Heirloom crops build markets, relationships
Countless rows of corn and soybeans populate Iowa’s rural areas, but just outside of Carlisle, 27- year- old farmer Jennie Smith stands on two acres where she is about to plant heirloom tomatoes.
“This is what I like to call crème de la crème. At the top of a hill. I’ve got full sun. I have access to water, irrigation,” she said. “I don’t think I could really have any better setup.
Smith is the sole owner of Butcher Crick Farms, which has been on her grandparent’s land since 2009.
Smith produced 4,000 pounds of tomatoes in each of her first two seasons and sold them for an average price of $4 a pound to restaurants, the downtown Des Moines farmer’s market and a grocery store.
One of the selling points for Butcher Crick Farms is the use of heirloom seeds, which are taken from the biggest and best tomatoes so more plants like it can be grown in the future.
Kenna Neighbors sells heirloom seeds at her Des Moines store appropriately called Seed. She said they represent longevity, families, and relationships.
“Sometimes having seeds that came from our family that we remember that has come year after year, generational, is a wonderful seed and its value goes up emotionally,” Neighbors said. “It’s a part of our family.”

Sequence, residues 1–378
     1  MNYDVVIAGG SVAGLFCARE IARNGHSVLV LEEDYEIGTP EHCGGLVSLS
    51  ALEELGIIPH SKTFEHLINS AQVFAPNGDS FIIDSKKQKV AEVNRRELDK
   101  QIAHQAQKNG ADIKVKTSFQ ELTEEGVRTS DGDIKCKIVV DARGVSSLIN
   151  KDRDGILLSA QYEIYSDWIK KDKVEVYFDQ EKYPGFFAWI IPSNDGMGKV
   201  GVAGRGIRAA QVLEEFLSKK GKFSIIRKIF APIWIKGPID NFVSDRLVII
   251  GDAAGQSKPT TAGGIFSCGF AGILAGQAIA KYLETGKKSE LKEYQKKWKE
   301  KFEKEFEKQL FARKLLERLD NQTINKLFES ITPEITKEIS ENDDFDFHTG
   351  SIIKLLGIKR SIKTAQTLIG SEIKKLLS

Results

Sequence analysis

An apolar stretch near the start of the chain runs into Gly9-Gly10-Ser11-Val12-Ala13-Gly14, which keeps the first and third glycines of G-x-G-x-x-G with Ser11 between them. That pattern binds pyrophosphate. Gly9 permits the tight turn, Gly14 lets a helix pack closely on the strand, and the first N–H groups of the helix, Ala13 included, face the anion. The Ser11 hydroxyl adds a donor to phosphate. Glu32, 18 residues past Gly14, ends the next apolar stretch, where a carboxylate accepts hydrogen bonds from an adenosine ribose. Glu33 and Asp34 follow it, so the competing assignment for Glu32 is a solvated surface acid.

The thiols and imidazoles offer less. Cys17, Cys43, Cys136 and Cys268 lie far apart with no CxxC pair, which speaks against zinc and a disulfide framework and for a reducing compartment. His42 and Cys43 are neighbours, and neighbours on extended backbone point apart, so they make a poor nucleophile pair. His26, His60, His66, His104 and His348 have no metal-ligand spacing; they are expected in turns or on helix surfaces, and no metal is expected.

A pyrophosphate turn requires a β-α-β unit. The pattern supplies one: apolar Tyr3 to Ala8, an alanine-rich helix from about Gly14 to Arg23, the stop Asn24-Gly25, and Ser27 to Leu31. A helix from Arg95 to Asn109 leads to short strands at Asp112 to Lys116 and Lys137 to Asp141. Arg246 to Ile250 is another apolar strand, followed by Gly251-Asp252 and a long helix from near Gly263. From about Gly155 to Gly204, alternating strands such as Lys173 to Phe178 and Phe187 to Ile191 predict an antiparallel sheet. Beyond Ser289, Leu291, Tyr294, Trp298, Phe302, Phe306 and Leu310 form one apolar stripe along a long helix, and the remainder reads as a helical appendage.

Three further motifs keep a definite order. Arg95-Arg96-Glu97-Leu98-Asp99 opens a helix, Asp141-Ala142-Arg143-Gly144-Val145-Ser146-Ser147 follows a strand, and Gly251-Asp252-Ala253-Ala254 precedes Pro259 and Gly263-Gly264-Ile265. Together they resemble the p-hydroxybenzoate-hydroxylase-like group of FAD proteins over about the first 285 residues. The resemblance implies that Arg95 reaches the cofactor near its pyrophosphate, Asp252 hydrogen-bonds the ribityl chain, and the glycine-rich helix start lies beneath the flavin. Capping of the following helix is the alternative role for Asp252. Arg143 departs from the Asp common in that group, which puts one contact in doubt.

These “vintage” seeds, which aren’t cross-pollinated or genetically modified, are coveted. And farmers like Smith who plant them are finding a special market for their produce.
But as Smith starts her third season, she said she won’t be able to financially sustain herself by only selling her tomatoes.
“Most successful farmers that I know right now that are doing these great small operations, they are two-people household, husband and a wife and then they have an on farm/off farm income. And I currently have the same role only I just do it in one day,” she said. “I just get up a little bit earlier and then I farm until about one o’clock, then I do my deliveries, and then I go to work at four and I do my off-farm income. Come home and then do it again.”
Smith makes her “off farm” income as a waitress. Some of the entrees she serves feature her tomatoes. Smith said diners like putting a face on where their food comes from and they remember her when they see her booth at a farmer’s market.
Even though the demand for her tomatoes has always been higher than she can produce, Smith doesn’t know when she will be able to only live off an “on farm” income.
Still, she said her new business works because she is able to work and live on her grandparent’s property and when she needs help she can count her friends and family to dig in the dirt.
“The labor that I have is free and they love it because they keep coming back and they keep inviting their friends which is building up these kind of harvest parties and planting parties too,” Smith said.
So much like the heirloom tomatoes produced on this land, Butcher Crick Farms itself is cultivating longevity, families, and relationships.